Over the past few years a lot of new types of content mark-up has been introduced to structure data in a way that helps search engines understand, categorize and display content in a myriad of new ways.
The technical side of this structured data is discussed at length in the course “Technical Optimization – Step-by-Step, Page Specific and Sitewide Optimization Techniques.” Of course that level of knowledge about technical implementation isn’t necessary for most writers. But, it is very important that a writer understands what type of mark up exists within the page templates so that they can create content that caters to those elements.
While there are many different types of structured data markup, Schema.org has become the most widely used and is the closest to an official standard that currently exists. Popular types of content that utilize Schema.org markup are:
Once the proper Schema.org mark-up has been incorporated into the content fields within a CMS, typically content creators simply need to fill out the proper fields with information such as the name, title, author, location, date published, and description.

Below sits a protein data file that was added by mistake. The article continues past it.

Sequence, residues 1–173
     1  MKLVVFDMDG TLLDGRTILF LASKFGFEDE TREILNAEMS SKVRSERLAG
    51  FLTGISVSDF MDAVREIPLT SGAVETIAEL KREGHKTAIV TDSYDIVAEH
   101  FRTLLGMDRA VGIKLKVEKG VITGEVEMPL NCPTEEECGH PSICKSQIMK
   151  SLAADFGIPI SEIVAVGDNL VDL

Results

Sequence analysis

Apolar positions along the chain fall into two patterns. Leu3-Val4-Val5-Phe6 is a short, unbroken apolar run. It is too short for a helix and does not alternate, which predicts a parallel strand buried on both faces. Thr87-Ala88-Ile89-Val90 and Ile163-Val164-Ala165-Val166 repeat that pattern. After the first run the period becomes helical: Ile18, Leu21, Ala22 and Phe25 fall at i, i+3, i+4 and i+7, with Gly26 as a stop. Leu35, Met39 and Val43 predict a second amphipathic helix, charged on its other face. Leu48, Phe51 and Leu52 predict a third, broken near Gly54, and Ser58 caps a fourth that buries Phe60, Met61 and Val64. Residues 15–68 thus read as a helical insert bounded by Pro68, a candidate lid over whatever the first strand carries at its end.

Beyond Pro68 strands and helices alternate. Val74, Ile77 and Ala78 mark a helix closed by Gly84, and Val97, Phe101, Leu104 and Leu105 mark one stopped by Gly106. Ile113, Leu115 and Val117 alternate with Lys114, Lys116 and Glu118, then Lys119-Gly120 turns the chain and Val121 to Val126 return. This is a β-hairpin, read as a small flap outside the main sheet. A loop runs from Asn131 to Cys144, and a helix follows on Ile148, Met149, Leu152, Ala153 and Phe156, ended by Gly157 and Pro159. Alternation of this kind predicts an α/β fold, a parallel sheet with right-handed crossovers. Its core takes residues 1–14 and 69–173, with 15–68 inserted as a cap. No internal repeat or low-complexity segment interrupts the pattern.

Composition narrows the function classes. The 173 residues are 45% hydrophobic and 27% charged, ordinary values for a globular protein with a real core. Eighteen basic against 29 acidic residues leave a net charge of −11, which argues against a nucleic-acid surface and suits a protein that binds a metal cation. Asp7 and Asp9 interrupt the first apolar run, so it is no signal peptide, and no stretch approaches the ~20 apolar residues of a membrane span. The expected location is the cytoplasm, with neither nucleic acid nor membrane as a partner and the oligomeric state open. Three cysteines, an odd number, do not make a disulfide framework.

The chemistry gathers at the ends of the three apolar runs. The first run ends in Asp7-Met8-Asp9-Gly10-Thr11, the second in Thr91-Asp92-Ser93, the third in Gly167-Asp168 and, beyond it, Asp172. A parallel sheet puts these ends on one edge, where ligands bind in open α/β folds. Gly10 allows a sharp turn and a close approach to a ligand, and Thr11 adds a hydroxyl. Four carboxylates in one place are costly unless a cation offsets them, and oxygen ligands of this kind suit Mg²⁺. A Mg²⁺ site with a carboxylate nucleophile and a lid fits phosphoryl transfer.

The benefits of this type of content mark-up are that it allows Google’s knowledge graph and other technologies like it, to add your content to their next gen databases. Once they have that information they will begin to display it in search results whenever appropriate as “Rich Snippets”. Rich snippet allow search results to feature information that goes way beyond the classic SERP listing the title, URL and description. Rich snippets allow your search results to include images, ratings and additional features that entice users to click on your listing. This separates you in the search results and can have a huge impact on your click through rate.
The Takeaway Here Is To Use Structured Data Markup
Next In the next lesson we will review the positive impact your content can get from search engines by including